Good news, bad news: July 28-August 4

Shooting victim Gabrielle Giffords returns to Congress for the U.S. debt vote, tens of thousands of Somalis flee famine in Kenya

Good news

Good news

Tom Williams/Roll Call/Getty Images

Declaring war on war criminals

For years, the federal government stubbornly refused to release the names and faces of suspected war criminals hiding in Canada—for fear of violating their privacy. But after renewed pressure from the media, Stephen Harper’s Conservatives finally relented, posting mug shots of 30 wanted war criminals online. The result? Six of those fugitives are behind bars, two have been deported, and the rest are no doubt scrambling for cover. In this country, privacy should never trump justice.


More than two-thirds of British doctors believe bicycle helmets should not be mandatory, and that forcing riders to wear them may prompt some people to give up biking altogether (and relinquish the obvious health benefits). But that surprising conclusion, contained in the latest issue of the British Medical Journal, doesn’t jibe with the Canadian experience. According to a study conducted here, the number of cyclists suffering serious head injuries is down nearly 30 per cent over the past decade, largely because children are now wearing helmets when they pedal.

An accurate label

An HIV-positive man who knowingly transmitted the virus to at least seven women—and who was found guilty of first-degree murder in the deaths of two of those women—has been declared a dangerous offender. The rare ruling means that Johnson Aziga, 55, will remain behind bars until at least the age of 80, and even then (if he is still alive) will only be set free if the parole board is somehow convinced he is no longer a threat to society. Aziga is the first person in Canada ever convicted of using HIV as a murder weapon. His punishment fits the crime.

Sex appeal

A public servant in Australia, who was injured by a motel light fixture while having sex on a business trip, is demanding workers’ compensation. Leo Grey, the woman’s lawyer, says the sex is irrelevant to her claim. What matters, he says, is that the injury occurred during an out-of-town business trip that was sanctioned by her employer. A judge will make the final decision. The good news? Although the woman is “emotionally traumatized” by all the headlines, her name is protected by a publication ban.

Bad news

Bad news

Thomas Mukoya/Reuters

An economy shivers

Remember all that talk about Canada’s economy outperforming the world? Well, not so much. In May, the economy unexpectedly shrank 0.3 per cent, driven down partly by wildfires in Alberta that disrupted oil and gas production. Consumer confidence also slipped in July on fears of slow employment growth and continued uncertainty about the U.S. debt crisis, according to TNS Canada. What’s worse, the market research firm’s “Buy Index,” which measures the willingness of Canadian households to purchase big-ticket items, erased all the gains it had made since the spring, when people were finally shaking off all the doom and gloom.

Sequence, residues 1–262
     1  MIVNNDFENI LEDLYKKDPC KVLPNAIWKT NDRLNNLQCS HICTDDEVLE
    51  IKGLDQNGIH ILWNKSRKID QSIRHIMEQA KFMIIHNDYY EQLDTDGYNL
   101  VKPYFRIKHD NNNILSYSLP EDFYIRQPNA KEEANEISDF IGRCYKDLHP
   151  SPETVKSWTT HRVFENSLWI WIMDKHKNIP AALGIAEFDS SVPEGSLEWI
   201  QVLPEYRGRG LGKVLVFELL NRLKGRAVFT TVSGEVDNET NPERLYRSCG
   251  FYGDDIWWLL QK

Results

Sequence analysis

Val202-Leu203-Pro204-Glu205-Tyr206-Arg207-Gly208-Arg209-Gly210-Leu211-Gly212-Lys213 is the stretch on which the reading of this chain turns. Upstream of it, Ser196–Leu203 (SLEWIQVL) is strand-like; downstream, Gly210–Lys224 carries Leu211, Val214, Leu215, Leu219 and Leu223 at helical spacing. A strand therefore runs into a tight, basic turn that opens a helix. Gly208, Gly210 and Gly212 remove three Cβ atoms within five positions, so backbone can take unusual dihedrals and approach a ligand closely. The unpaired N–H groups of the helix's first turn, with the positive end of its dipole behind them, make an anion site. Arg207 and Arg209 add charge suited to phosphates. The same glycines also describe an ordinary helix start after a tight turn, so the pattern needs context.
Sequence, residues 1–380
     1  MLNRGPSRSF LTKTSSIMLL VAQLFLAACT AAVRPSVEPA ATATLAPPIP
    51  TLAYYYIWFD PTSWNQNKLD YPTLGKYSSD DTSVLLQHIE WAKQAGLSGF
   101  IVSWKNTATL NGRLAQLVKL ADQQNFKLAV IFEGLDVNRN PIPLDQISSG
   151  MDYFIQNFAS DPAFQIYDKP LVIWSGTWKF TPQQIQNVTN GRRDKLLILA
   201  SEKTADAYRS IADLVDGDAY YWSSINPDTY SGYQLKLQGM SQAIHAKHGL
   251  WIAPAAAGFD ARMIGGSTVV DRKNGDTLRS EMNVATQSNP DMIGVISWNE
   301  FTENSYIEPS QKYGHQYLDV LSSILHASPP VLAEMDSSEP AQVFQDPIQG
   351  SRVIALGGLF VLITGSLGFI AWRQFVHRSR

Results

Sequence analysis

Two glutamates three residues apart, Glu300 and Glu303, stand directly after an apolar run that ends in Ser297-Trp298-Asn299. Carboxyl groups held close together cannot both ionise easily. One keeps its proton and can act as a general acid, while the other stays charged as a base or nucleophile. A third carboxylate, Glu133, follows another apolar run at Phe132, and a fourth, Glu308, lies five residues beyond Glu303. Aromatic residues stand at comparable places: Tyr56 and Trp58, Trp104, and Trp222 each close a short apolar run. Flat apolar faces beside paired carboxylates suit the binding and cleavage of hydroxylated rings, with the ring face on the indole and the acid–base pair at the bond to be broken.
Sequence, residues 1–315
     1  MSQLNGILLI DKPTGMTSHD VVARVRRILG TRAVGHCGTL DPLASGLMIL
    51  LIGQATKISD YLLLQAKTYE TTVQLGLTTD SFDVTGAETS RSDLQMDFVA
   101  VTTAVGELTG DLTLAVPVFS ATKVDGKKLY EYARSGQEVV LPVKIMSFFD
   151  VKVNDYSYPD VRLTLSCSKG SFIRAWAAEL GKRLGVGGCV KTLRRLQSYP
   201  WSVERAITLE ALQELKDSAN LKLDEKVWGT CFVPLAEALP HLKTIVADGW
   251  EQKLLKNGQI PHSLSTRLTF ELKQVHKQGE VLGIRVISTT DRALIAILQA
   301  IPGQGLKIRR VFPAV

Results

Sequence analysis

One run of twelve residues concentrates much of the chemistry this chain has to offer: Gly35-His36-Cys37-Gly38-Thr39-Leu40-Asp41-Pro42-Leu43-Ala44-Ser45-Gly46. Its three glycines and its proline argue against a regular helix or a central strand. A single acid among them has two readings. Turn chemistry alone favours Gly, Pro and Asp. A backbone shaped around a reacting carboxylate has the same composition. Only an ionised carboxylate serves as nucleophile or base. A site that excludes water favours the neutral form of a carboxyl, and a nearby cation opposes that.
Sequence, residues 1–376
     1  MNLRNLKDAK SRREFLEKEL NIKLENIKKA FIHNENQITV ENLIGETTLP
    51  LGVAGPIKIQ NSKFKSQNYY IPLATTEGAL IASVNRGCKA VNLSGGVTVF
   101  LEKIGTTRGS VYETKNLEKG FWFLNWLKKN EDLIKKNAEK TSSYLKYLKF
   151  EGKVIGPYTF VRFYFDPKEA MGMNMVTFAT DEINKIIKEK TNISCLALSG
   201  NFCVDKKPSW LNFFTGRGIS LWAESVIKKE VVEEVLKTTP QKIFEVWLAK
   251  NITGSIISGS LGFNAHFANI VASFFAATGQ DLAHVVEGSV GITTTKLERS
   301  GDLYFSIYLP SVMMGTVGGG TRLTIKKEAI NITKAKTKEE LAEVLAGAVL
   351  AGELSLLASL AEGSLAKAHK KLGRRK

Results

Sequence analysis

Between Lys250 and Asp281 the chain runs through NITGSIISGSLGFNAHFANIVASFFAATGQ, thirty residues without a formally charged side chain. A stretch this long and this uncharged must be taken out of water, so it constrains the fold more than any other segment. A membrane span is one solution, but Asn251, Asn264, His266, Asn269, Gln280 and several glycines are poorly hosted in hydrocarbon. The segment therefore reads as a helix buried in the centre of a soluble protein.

Fading promise

The great Arab Awakening seems to have stalled. Western-backed rebels in Libya are now killing each other, and there is serious talk of letting Moammar Gadhafi stick around if he agrees to step down. In Cairo, renewed protests against military rule have been hijacked by factions calling for an Islamic state, rather than democracy. And in Syria, President Bashar al-Assad has sent in tanks to quell peaceful protests while world leaders wring their hands. Is a historic opportunity slipping away?

The sky is falling

In Montreal, a giant slab of concrete fell from the top of a highway tunnel, narrowly missing cars and triggering fresh fears about the crumbling state of Quebec’s roads. In Ottawa, organizers of the annual Bluesfest are under fire from members of the band Cheap Trick, who nearly died in a July stage collapse. And in Alberta, three companies are facing a slew of charges in connection with another fatal stage collapse two years ago. Clearly, Canada needs more engineers.

May day

Green Party leader and serial crusader Elizabeth May is taking on WiFi. Last week, she tweeted about the supposed dangers of electromagnetic fields, suggesting wireless could be killing bees and putting kids’ health in danger. Never mind that the evidence is somewhere between non-existent and highly dubious—her stand against “smart” electricity meters and wired classrooms seems downright luddite. And 140-character policy debates are stupid no matter which party does it.

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